Tag Archives: economic inequality

Have the Oligarchs and Plutocrats Won?

4 Apr

Just watched Alex Gibney’s powerful documentary Park Avenue: Money, Power and the American Dream (you can stream it on Netflix). Here’s the trailer:

 

It uses the conceit of two Park Avenues to tell the story of the 1%, living on the Park Ave of Manhattan’s upper East Side, and the (bottom quartile of) the 99%, living on the portion of Park Ave that extends into the South Bronx. It’s one thing to know the story in numbers and graphs, which Gibney presents, but it’s another thing entirely to see the story in actions through moving images and spoken words. The combination of the two is potent, and, alas, depressing.

As I think over the film the sections that keep coming back, however, are those featuring a social psychologist at U Cal. Berkeley, Paul Piff, and some students. Piff had pairs of students play Monopoly, the board game born during the Depression. But, they played the game with a crucial difference. One player started with twice the amount of money as the other player and was allowed to roll both dice; the other player could roll only one die. The student players were assigned to these roles randomly.

The privileged players, of course, walked all over the others, whose disadvantage was too much to surmount. No surprise there. What was interesting, and chilling, is that over the course of a game, the privileged players assumed at attitude of entitlement – you could see it in their posture and hear it in their comments. It was their RIGHT to win. But they did nothing to earn that right; it was simply given to them at the beginning of the game. The oligarchs Gibney showed us displayed that same entitlement even as they lobbied to cut their taxes and blathered on about creating opportunity for all. Continue reading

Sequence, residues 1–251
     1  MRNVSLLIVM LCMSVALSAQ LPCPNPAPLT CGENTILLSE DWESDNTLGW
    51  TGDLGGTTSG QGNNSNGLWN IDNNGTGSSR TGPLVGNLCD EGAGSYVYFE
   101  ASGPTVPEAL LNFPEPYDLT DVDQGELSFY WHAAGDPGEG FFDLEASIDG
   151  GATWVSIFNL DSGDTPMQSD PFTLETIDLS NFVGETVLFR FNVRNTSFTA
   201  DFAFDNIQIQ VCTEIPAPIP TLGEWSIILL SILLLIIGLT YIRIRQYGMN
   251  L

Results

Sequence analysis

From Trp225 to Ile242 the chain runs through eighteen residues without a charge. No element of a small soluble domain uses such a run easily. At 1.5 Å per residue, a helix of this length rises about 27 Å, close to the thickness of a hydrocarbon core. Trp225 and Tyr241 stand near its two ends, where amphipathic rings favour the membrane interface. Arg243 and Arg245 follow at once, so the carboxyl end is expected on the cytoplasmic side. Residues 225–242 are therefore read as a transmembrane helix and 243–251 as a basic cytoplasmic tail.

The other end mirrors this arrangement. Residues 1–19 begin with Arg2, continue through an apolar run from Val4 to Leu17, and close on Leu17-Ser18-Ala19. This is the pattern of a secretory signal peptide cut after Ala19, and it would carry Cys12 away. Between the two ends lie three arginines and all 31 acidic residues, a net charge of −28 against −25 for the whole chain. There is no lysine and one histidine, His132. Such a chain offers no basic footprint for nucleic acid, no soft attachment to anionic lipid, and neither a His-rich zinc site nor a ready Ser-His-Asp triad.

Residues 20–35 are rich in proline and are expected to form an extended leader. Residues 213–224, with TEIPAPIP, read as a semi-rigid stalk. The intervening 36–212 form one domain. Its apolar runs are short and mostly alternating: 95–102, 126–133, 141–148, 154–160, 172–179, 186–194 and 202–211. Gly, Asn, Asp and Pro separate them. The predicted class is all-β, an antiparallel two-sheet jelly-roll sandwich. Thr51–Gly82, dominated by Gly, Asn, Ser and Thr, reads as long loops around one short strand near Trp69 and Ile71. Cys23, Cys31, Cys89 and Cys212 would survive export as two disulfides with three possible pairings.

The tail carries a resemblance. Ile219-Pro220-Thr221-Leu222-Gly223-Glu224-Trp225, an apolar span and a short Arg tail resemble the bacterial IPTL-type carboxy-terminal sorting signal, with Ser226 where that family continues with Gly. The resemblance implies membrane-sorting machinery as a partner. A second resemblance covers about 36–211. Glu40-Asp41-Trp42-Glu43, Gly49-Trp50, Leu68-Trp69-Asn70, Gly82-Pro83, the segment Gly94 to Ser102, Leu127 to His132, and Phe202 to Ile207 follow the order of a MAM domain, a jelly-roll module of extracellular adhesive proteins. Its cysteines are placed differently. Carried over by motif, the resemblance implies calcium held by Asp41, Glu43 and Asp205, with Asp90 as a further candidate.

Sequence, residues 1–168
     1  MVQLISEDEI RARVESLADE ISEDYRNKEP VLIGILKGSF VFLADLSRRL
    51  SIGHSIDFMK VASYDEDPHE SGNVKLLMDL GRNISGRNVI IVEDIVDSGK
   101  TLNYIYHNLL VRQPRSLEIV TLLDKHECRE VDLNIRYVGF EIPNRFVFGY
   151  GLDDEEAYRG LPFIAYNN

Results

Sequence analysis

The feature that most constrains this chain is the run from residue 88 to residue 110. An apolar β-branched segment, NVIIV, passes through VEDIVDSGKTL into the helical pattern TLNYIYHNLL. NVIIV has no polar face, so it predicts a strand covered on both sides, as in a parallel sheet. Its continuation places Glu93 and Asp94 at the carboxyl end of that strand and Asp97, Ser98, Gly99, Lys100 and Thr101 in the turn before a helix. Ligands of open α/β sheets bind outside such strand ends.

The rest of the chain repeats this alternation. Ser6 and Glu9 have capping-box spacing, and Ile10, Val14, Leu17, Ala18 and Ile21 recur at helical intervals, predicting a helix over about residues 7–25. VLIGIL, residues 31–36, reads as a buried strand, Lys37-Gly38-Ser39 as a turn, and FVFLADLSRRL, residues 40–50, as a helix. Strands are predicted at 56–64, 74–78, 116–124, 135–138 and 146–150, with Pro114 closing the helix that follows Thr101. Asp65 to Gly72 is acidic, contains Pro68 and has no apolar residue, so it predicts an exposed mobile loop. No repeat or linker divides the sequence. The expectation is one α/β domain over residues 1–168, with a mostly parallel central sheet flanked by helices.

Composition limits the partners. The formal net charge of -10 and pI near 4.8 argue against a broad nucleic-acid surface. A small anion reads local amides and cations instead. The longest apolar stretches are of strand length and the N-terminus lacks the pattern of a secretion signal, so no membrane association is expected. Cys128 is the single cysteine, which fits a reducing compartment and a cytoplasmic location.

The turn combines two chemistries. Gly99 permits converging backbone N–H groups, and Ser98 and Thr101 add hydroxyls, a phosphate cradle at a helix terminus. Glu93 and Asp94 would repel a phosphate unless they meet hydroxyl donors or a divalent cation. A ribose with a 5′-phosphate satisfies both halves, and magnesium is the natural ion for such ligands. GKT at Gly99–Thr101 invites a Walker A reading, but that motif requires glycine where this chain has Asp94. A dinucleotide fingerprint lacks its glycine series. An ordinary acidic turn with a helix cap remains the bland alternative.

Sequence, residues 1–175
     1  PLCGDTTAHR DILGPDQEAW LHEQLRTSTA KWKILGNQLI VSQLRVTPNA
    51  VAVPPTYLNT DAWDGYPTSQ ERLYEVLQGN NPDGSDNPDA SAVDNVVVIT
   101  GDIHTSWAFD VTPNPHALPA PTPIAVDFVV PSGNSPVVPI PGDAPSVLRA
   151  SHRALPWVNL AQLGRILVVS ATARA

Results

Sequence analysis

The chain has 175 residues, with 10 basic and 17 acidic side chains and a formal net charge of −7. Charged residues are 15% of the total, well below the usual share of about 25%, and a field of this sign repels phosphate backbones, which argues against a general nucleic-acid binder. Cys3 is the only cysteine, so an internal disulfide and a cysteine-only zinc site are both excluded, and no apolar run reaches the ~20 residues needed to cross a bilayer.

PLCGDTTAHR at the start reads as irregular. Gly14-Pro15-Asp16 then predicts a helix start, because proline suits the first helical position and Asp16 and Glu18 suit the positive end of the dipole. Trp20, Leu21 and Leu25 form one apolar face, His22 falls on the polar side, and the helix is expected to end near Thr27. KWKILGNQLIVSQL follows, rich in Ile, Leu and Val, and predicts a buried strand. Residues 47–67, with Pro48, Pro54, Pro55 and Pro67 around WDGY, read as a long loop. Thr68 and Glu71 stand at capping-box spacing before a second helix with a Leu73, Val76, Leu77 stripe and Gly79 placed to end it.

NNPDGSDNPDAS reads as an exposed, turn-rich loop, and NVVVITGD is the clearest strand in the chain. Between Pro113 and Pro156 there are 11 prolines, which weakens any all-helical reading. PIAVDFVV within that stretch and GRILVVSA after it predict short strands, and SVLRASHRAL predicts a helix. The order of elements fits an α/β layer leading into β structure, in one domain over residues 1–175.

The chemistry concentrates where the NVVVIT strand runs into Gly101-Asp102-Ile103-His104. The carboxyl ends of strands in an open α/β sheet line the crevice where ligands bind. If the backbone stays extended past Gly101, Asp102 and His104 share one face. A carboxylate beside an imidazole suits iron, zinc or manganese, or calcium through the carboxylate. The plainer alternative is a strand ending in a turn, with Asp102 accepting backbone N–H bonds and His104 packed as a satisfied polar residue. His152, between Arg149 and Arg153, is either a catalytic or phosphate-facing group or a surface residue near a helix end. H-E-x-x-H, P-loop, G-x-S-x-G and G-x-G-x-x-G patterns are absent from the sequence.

Occupy Wall Street: Too Abstract? Will it Last?

31 Oct

Plus Zombies, Bicycles, and Fat Cats

John McWhorter and Glenn Loury have an interesting discussion, mostly about Occupy Wall Street. McWhorter went down there the other day and noticed that it’s small.

Yes it is. Was there yesterday afternoon (Sunday 30 Oct) and it IS small. A whole city block, yes, but a small block. And crowded with tents. It’s large in the imagination, but physically small.

And jammed with people taking photos, shooting videos, and doing interviews. Which surely is the point, get in the media however possible.

orange_mesh2

The crowd, more diverse than some reports suggest, though it’s hard to tell the OWSers from the one-time visitors. Some folks, of course, visit time and again. I got an armband of orange mesh—just like the police use to corral people—from an older couple who were helping out. I also saw some seminary students offer a sympathetic ear as Pastors for Occupy Wall Street (something like that, I forget the exact banner they flew under). Yes, lots of young folks, but also middle aged and old. Women as well as men, and a child singer playing a pink guitar in one placer, a child drummer in another. Black white yellow, probably red too.

Will OWS Last?

But back to McWhorter and Loury. McWhorter thinks they’ll all disperse in a month or so when the weather gets really cold. Perhaps.

What McWhorter and Loury were wondering is whether or not THIS is the sort of thing that really stirs the passions so that the protest will last and last. And thus really get in people’s minds and under their skin.

Yes, the 1% vs. 99% message is clear enough, economic inequality. But you push beyond that, and what do you get? They feat that the enemy may be too abstract. Financial manipulation, derivatives, that’s a bit abstract. Cheating is not abstract, but is that cheating? How so?

I think they’ve got a point. How to bring the message home? Continue reading